Whitehouse Hails Passage of Credit Card Reforms
Senate Committee Likely to Vote on Related Whitehouse Legislation Thursday
Washington, D.C. - The U.S. Senate has passed legislation to make credit card company practices more transparent and reasonable for consumers, prohibiting unfair tricks and traps that keep many Americans in a "sweatbox" of mounting debt.
The bill, H.R. 627, was based on the Credit Card Accountability Responsibility and Disclosure Act of 2009, which was sponsored by Senate Banking Committee Chairman Christopher Dodd (D-CT) and cosponsored by U.S. Senator Sheldon Whitehouse (D-RI).
"With the economy in recession and unemployment rates climbing, American consumers are relying more than ever on credit cards to make ends meet each month," said Whitehouse, who has authored legislation and held several hearings on abusive credit practices. "These reforms will put working families, not big credit card companies, first."
As passed yesterday by the Senate, H.R. 627 will restrict "any time, any reason" rate increases, limit credit card companies' ability to sign up children under the age of 21, require that cardholders be given notice 45 days before any fee or rate increase, and prohibit interest charges on debt paid on time - a ban on so-called double-cycle billing. These new restrictions and others will go into effect nine months after President Obama signs the bill - which he asked be brought to his desk by Memorial Day.
During debate on the bill, Whitehouse secured a commitment from Chairman Dodd to explore the congressional repeal of a 1978 Supreme Court decision that prevents Rhode Island and other states from applying their own interest rate limits to their own citizens. Whitehouse is the author of S. 255, the Empowering States' Right To Protect Consumers Act of 2009, which would restore to each state the ability to protect its citizens from lenders based in other states.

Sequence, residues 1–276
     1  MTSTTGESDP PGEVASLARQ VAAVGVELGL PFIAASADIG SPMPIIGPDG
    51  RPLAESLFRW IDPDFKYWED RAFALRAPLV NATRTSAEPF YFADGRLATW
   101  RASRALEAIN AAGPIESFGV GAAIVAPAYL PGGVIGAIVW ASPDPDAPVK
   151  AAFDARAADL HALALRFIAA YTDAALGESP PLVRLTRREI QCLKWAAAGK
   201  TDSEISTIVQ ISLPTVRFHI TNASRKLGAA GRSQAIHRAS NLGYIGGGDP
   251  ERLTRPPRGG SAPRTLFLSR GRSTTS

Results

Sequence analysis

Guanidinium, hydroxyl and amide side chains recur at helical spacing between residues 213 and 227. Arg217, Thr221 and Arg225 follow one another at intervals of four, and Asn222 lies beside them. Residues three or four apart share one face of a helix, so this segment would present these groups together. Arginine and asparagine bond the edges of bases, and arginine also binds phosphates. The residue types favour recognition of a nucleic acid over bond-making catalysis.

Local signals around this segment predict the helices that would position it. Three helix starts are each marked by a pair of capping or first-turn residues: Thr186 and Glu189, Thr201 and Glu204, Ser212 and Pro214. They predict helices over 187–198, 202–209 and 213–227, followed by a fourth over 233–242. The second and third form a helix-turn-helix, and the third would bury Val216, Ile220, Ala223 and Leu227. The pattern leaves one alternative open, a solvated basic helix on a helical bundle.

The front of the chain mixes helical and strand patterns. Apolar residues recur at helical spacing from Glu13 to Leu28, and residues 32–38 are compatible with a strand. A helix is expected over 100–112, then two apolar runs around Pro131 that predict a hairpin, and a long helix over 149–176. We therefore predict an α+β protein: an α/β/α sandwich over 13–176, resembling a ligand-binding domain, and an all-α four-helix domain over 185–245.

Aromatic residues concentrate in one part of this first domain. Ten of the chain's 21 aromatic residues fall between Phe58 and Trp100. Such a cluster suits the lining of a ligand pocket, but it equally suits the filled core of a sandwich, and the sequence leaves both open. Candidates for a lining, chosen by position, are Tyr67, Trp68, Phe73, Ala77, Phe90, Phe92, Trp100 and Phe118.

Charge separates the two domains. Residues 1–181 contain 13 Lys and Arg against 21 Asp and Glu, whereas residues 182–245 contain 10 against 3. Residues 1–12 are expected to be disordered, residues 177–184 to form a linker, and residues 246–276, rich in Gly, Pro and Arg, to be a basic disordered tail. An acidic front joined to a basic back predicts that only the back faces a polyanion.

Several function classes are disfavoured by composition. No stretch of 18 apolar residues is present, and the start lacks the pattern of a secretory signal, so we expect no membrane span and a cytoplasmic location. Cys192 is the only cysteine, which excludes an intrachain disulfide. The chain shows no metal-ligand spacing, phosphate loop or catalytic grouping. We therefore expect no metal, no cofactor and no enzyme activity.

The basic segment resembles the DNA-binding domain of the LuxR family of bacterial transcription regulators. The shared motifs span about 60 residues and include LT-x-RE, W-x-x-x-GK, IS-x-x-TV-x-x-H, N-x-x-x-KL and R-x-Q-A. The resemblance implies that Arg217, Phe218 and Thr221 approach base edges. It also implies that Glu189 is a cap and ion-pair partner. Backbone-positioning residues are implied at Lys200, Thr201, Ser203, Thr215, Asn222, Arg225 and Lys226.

"While the bill we passed today will protect consumers from some of the worst abusive tactics employed by credit card lenders, we need to do more to protect them from the greatest hazard of all - high interest rates," Whitehouse said. "I'm pleased that Chairman Dodd has agreed to examine restoring to the states the ability to enforce interest rate caps against credit card lenders."
Whitehouse is also the sponsor of S. 257, the Consumer Credit Fairness Act (CCFA), which would disallow claims made in bankruptcy proceedings against consumers by creditors charging excessive interest rates and fees. He has chaired two hearings on abusive credit card practices, including a field hearing last December that brought a panel of noted national and local experts in lending and bankruptcy law to Rhode Island College. The Committee is now expected to vote on the latest version of that legislation tomorrow.
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